The Koudounatoi of Apeiranthos on Naxos



A Ritual's End


Lasting approximately a few hours, the custom transforms the central square into a bustling hub. As the energetic dance concludes, the Koudounati pay homage to the departed at the village's graveyard, marking the poignant end to the event.



Sunset and Farewells


As the sun dips below the horizon, the Koudounati disperse, concluding the Carnival tradition. The village square, once teeming with life, returns to tranquility, echoing the ageless spirit of Apeiranthos.



Carnival on the Island of Naxos, Greece. Black and White Photography by George Tatakis
Koudounatos at the local cemetery





The Elixir of Naxos: Unraveling the Mystique of Kitro Liqueur


In the heart of Naxos, an island steeped in history and tradition, lies a secret elixir that has captivated connoisseurs for centuries. Kitro of Naxos, a Greek liqueur born from the fragrant leaves of the Citrus medica tree, weaves a tale that intertwines agriculture, commerce, and the artistry of distillation. I have had the fortune of meeting the owner of the distillery who kindly provided a tour of the facilities.



Carnival on the Island of Naxos, Greece. Black and White Photography by George Tatakis
A vintage poster for Kitron Naxou


A Storied Heritage: Citrus Medica in Naxos


For at least three centuries, the cultivation of Citrus medica and the trade of its precious fruit flourished on Naxos. The fruit, carefully preserved in seawater enhanced with extra salt, was a pivotal element in the island's rural economy. Yet, it was the leaves of the citrus tree that held a special allure, used to impart their delicate and distinctive aroma to the local grape-based spirit, known as "kitrorako."


Historical records attest to the presence of kitrorako in Naxos as early as the 19th century, suggesting its widespread use among viticulturists. Official documents indicate that the production of Kitro of Naxos, the liqueur derived from citrus leaves, commenced at least two centuries ago, with the inaugural export occurring in 1928.



Carnival on the Island of Naxos, Greece. Black and White Photography by George Tatakis
The owner of the distillery at Kitron Naxou



Timeless Craftsmanship: The Art of Kitro Distillation


Today, Kitro of Naxos stands as a testament to traditional Greek craftsmanship, exclusively produced on the island of Naxos. Securing its place in communal legislation has paved the way for this authentic liqueur to potentially make a mark on the international stage.


The meticulous process of crafting Kitro begins with the harvest of citrus leaves when they reach their full fragrance, typically from October to February. Enduring the biting cold and the sharp thorns of the tree, workers carefully select and clean the leaves, combining them with water and wine spirits in traditional copper stills for a minimum of 12 hours. The distillation process yields 100% citrus distillate.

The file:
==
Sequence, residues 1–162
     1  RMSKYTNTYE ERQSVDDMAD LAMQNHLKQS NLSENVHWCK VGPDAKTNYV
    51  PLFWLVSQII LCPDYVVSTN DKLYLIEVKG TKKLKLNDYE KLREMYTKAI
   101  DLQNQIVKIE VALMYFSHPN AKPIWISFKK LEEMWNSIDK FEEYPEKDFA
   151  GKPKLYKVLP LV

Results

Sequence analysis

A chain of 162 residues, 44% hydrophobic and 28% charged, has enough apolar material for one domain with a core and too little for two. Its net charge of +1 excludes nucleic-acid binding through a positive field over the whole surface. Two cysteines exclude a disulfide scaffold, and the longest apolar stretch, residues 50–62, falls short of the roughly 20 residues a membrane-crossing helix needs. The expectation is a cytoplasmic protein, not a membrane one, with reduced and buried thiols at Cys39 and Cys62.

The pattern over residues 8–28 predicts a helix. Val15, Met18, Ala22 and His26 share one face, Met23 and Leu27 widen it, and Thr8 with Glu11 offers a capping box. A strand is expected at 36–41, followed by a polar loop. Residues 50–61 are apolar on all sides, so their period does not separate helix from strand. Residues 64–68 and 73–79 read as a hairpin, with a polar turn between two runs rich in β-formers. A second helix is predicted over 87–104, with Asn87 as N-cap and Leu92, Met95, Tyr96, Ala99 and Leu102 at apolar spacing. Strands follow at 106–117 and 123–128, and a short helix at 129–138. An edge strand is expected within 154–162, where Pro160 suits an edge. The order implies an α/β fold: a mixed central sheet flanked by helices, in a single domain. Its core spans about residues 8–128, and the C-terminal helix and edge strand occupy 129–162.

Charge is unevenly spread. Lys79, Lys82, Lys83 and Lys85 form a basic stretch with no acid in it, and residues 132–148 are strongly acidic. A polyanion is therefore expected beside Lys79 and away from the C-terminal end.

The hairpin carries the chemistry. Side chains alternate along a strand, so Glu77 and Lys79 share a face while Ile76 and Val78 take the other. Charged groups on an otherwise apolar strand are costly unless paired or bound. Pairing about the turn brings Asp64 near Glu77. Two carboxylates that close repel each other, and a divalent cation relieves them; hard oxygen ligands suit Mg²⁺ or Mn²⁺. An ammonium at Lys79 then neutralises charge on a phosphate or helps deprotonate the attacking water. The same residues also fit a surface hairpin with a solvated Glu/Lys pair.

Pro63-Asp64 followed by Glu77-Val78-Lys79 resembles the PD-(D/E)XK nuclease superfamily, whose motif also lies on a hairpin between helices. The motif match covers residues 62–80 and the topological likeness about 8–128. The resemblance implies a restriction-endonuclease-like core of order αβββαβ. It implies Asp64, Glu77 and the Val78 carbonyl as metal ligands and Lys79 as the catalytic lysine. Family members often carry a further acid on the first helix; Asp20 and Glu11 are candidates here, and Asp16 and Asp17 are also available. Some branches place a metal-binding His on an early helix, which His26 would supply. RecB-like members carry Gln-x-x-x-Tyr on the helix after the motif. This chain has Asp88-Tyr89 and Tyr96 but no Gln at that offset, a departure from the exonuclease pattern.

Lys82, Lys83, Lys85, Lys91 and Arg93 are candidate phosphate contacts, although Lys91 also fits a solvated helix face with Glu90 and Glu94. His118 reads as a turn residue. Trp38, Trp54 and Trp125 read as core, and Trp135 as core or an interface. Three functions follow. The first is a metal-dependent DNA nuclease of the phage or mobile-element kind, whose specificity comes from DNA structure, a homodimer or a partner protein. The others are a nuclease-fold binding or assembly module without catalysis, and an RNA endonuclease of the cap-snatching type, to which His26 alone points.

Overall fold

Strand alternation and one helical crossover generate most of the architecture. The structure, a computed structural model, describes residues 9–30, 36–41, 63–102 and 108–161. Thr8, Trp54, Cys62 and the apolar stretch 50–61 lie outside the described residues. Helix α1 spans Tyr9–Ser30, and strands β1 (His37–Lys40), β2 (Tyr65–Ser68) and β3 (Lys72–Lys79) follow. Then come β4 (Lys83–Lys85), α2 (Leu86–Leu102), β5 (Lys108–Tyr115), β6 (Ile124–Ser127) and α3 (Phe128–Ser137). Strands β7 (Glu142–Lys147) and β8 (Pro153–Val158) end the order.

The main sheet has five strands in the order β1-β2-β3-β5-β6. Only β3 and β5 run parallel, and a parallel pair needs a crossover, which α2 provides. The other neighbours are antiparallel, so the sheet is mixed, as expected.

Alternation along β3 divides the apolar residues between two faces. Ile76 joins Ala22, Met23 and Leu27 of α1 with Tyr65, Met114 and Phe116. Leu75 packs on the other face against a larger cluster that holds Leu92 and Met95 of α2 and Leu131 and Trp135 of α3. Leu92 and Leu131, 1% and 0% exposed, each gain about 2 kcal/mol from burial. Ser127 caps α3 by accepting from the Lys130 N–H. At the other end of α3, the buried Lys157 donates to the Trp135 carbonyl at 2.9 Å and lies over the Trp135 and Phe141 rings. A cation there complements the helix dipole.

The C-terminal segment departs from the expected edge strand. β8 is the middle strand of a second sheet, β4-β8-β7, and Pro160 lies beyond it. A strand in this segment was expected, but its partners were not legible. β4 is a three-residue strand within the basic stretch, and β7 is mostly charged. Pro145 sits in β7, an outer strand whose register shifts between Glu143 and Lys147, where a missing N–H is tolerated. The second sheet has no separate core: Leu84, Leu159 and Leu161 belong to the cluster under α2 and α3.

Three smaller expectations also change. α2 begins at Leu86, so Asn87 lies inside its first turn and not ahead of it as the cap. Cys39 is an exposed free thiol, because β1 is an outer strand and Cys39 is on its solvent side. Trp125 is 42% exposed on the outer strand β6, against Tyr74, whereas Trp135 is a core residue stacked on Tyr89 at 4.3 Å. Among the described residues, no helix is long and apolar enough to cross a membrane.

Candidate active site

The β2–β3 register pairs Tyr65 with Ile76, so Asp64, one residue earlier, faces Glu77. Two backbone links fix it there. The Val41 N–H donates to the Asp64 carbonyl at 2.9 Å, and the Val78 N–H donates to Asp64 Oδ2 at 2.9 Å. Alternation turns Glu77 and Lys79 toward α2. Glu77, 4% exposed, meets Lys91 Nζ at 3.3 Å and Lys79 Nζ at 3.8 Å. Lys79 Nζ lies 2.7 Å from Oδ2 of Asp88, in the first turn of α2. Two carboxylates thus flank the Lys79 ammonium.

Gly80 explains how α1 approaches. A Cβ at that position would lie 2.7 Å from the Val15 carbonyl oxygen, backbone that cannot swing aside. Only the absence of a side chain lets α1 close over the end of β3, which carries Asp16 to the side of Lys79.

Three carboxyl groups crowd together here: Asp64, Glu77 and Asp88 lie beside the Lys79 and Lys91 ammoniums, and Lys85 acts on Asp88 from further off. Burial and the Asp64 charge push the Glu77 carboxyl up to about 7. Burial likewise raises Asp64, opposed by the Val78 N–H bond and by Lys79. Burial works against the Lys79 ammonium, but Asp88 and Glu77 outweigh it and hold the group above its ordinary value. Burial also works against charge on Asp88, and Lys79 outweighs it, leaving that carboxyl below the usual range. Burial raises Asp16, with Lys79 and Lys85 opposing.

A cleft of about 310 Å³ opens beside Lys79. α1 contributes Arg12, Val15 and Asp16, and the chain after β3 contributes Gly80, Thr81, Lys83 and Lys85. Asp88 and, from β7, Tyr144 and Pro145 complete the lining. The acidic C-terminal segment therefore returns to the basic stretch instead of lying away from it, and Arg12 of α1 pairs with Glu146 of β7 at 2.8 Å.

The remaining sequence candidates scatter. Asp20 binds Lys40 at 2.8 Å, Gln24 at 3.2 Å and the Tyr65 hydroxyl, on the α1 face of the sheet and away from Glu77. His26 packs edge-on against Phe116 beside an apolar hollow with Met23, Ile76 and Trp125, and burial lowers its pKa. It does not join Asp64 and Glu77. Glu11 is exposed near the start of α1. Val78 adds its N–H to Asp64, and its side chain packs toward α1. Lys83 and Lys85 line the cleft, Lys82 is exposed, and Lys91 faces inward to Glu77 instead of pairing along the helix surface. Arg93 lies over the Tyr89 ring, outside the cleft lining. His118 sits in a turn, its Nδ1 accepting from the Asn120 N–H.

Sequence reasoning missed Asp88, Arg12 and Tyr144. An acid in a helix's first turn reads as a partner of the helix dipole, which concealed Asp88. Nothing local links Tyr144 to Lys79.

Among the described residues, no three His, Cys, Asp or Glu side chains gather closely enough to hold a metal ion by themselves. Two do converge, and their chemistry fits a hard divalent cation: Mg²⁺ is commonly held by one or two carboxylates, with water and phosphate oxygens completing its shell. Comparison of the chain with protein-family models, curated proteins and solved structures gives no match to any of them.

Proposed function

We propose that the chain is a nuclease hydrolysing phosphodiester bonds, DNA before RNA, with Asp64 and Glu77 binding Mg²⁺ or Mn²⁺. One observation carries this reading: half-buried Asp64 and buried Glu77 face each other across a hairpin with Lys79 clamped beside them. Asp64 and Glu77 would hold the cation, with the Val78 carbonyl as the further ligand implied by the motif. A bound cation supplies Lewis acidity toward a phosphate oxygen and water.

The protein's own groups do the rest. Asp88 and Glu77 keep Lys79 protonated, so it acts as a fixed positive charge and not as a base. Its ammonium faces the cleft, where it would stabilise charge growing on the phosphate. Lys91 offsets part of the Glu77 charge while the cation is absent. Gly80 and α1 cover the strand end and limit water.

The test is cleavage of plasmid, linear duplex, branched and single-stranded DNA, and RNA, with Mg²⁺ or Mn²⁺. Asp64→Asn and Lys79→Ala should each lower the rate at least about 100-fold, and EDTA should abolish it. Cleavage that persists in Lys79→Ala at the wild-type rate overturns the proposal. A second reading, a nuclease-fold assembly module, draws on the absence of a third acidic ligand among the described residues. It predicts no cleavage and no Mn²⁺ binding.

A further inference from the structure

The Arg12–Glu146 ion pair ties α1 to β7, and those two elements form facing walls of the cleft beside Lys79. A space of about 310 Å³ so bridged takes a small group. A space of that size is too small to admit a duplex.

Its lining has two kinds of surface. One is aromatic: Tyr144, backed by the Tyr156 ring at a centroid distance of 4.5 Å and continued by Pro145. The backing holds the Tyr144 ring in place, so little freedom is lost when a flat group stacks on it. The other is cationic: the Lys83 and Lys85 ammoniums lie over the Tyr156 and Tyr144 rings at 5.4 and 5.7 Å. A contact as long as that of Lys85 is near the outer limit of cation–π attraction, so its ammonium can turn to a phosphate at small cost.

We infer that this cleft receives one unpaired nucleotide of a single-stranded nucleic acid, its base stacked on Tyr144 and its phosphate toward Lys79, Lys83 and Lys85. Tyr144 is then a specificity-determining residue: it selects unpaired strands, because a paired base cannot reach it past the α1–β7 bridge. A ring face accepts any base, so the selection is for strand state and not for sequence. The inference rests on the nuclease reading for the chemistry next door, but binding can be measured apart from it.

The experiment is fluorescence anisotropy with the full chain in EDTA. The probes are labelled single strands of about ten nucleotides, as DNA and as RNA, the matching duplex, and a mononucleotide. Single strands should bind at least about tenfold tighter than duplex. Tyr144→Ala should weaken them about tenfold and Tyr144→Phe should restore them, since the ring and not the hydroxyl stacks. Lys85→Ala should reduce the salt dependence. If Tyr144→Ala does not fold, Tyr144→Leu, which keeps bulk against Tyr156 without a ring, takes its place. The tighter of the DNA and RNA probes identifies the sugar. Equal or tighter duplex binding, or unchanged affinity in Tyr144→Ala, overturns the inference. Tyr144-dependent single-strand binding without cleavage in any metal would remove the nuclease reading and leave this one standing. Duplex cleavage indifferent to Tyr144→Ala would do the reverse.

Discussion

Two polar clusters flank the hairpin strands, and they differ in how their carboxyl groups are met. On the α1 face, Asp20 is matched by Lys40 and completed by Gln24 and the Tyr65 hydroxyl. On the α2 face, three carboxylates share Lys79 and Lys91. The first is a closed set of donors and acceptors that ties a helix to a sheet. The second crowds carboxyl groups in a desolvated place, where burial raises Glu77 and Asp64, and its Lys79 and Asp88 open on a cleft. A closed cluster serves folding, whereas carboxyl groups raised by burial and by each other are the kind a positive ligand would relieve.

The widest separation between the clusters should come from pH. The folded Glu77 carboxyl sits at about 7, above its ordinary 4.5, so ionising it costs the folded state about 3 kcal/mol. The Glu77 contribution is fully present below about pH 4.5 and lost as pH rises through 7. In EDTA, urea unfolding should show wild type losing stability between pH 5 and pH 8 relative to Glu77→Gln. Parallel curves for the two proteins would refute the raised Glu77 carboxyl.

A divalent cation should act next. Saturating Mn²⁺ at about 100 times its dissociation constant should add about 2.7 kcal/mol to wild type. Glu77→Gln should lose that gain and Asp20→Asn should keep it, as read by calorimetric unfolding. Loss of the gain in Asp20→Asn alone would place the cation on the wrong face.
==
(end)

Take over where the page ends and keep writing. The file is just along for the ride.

Depending on the desired quality, a second and third distillation may follow, intensifying the aroma and flavor. Subsequently, the distillate is diluted with water, sugar is added, and natural colors are introduced to distinguish the types of Kitro of Naxos.



Carnival on the Island of Naxos, Greece. Black and White Photography by George Tatakis
The owner next to a traditional still



The Culmination: Kitro Naxou Unveiled


Kitro of Naxos emerges as a sophisticated and aromatic libation. Upon serving, it releases elegantly sweet citrus notes, tantalizing the senses and transcending into a palate experience. Best enjoyed chilled in a snifter, this elixir is not only a sippable delight but also remarkably approachable, appealing to those who shy away from more potent spirits.


In its variations—ranging from the dry and robust at 36 degrees to the intermediate alcohol content with 33 degrees of sugar and the sweetest, lowest in alcohol at 30 degrees—Kitro of Naxos showcases the diversity within its family.



Carnival on the Island of Naxos, Greece. Black and White Photography by George Tatakis
The owner of the distillery




The Kordelatoi Phenomenon at the villages of Filoti and Eggares


In the heart of Naxos, a vibrant and timeless custom, known as Kordelatoi, weaves its way through generations, carrying with it the spirit of celebration and community. This age-old tradition, meticulously passed down from one era to the next, stands as a testament to the island's rich cultural tapestry.



Carnival on the Island of Naxos, Greece. Black and White Photography by George Tatakis
Men dressed as Kordelatoi at Eggares